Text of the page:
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Dayton Could Get Large Racino Payment Soon

hollywood gaming racino at dayton raceway casino
Jerry Kenney

  The city of Dayton could get an injection of extra cash this year from the new racino, but the owners of Hollywood Gaming at Dayton Raceway aren’t happy about having to pay.

A dispute over payments goes back to the original law allowingracinos, passed in 2011: it said Dayton and Austintown Township in northeast Ohio should each get $500,000 a year for hosting a relocated racetrack, but the law was vague about who pays that money, the state or the company that owns the racinos, Penn Gaming.

The state and Penn Gaming have been in negotiations, which is what the original law called for, but they haven’t been able to come to an agreement, and the first payments are supposed to go out by the end of 2014.

Two state senators, including Bill Beagle of Tipp City, are trying to clarify. Beagle worked with Sen. Joe Schiavoni to tack a provision onto House Bill 494 that would have the state and Penn Gaming split the payments half and half for the next three years. Another strange part about the original bill is that it doesn't specify an end date for the yearly payments; Beagle says agreeing to split the payments for three years was a way to avoid endless litigation from either side over whose obligation this is.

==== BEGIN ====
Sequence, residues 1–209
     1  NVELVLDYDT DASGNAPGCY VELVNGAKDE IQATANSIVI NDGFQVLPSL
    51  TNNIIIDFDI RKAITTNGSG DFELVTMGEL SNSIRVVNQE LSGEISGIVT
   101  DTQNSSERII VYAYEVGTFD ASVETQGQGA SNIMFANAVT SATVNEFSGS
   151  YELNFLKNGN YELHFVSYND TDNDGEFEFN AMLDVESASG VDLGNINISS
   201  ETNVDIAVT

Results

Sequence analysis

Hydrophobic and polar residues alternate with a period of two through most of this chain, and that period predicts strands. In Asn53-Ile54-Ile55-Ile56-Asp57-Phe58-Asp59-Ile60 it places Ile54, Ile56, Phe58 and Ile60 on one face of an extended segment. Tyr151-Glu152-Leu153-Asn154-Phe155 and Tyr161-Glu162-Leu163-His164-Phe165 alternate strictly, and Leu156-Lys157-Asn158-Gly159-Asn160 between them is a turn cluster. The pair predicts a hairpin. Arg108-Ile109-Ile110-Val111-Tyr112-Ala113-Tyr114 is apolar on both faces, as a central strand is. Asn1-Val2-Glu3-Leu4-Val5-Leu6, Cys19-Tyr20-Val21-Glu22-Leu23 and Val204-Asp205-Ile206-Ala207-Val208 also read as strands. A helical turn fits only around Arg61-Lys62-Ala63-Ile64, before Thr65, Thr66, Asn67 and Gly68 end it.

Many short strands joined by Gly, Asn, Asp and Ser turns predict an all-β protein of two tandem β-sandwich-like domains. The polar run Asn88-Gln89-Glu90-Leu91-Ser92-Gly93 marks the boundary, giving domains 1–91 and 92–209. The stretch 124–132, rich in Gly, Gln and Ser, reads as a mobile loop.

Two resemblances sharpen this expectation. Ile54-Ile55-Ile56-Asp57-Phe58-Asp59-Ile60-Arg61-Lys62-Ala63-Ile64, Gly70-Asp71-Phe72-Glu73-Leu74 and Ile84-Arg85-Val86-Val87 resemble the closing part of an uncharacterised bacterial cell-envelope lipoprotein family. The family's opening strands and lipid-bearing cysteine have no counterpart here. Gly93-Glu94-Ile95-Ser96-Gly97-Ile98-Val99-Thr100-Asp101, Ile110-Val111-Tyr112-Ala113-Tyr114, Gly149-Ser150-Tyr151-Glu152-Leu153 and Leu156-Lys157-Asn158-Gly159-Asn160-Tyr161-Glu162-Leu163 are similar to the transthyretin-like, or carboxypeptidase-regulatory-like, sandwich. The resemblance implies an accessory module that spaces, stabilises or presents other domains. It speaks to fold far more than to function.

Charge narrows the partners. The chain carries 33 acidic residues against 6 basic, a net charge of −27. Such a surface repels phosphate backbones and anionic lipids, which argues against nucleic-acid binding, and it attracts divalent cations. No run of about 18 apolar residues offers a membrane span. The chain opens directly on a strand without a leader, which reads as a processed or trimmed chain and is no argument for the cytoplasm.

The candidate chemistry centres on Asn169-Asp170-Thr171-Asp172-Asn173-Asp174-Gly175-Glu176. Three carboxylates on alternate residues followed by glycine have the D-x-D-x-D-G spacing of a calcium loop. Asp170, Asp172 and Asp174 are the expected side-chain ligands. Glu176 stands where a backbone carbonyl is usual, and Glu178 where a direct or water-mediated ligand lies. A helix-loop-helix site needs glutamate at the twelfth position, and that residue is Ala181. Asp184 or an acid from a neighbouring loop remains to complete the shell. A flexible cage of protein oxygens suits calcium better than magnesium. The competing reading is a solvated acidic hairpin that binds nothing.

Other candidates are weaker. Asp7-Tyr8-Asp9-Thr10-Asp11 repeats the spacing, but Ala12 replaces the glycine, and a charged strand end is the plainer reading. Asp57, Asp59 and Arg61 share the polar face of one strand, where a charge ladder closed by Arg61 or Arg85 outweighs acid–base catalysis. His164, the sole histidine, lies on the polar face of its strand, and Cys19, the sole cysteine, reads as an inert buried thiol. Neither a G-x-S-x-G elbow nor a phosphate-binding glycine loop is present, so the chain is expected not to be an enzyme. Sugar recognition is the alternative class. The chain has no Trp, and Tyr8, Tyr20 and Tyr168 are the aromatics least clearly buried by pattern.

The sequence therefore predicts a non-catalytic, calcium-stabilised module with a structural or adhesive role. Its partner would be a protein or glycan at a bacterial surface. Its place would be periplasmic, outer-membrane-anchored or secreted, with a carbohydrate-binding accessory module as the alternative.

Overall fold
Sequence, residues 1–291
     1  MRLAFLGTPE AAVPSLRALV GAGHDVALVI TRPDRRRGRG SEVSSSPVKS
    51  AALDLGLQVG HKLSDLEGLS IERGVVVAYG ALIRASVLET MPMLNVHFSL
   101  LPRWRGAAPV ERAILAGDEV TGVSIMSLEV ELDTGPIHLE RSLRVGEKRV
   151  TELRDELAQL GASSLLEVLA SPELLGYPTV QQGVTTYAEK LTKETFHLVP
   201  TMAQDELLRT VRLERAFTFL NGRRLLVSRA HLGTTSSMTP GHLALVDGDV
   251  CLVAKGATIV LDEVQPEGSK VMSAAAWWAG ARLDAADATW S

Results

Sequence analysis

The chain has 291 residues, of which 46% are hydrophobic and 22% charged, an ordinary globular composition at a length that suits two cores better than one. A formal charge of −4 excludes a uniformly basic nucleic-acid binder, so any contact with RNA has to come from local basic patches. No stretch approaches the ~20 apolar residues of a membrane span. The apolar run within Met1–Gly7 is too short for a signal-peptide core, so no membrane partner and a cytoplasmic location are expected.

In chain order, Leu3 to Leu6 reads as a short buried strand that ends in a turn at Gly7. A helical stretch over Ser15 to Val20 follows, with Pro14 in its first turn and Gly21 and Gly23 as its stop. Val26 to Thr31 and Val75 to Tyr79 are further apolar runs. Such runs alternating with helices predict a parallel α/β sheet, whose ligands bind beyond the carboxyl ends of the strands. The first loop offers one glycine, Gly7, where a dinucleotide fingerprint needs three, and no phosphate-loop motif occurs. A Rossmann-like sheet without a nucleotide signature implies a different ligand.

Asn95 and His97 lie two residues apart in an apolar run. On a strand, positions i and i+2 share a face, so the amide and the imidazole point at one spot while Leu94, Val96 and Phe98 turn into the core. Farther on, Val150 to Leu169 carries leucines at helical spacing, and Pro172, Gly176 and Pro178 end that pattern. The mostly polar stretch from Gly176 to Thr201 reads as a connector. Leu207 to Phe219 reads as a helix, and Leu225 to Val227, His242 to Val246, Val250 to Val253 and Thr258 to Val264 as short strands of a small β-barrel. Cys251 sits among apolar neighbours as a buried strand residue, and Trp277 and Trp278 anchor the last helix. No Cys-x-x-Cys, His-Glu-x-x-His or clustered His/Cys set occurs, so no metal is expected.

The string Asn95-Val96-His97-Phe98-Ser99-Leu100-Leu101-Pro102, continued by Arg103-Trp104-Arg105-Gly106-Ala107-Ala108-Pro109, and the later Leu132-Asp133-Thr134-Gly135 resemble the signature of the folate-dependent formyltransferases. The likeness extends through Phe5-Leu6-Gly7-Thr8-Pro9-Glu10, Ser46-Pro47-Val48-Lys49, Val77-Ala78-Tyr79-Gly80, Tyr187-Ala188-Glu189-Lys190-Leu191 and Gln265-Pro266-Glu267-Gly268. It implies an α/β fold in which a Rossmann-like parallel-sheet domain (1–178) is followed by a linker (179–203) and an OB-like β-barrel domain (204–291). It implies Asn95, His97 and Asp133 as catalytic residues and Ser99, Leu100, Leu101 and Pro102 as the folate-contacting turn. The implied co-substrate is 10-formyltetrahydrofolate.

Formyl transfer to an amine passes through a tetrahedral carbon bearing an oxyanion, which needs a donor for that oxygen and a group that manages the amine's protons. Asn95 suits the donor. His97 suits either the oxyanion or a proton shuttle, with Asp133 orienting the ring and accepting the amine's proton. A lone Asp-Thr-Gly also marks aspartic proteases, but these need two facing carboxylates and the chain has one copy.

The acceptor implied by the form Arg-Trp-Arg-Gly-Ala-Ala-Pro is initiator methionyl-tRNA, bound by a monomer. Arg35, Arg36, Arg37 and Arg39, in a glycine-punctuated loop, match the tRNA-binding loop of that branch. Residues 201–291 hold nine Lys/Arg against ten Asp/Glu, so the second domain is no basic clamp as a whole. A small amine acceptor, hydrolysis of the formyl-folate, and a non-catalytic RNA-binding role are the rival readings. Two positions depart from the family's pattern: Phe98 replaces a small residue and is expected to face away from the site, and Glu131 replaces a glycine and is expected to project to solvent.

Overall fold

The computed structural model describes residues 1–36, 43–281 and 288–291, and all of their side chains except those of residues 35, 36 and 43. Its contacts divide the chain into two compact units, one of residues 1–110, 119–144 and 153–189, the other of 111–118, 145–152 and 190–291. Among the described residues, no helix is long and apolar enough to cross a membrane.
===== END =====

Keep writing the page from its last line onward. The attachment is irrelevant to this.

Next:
Penn Gaming is calling the payments a special new tax, and says it’s already paying tens of millions into a relocation fund. Penn Gaming believes the $500,000 should come from that fund, rather than being treated as an additional payment.

In a statement, the company says “we're baffled by the Senate’s action, and we are beyond dismayed at having been singled out yet again for another money grab."

Meanwhile, Governor Kasich's office has said the obligation is on Penn Gaming. Senator Beagle says he just knows Dayton is supposed to see the cash by year’s end, and splitting it down the middle seemed fair.

“We were at an impasse and yet we had a deadline coming up,” Beagle said. “While we hope that the parties can work something out we’d like to help solve the problem and avoid litigation.”

The house could vote on the bill with that new provision when it reconvenes Wednesday. Bob Tenenbaum with Penn Gaming says the company won’t rule out legal action if the legislature tries to force it to pay.

Lewis Wallace is WYSO's managing editor, substitute host and economics reporter. Follow him @lewispants.

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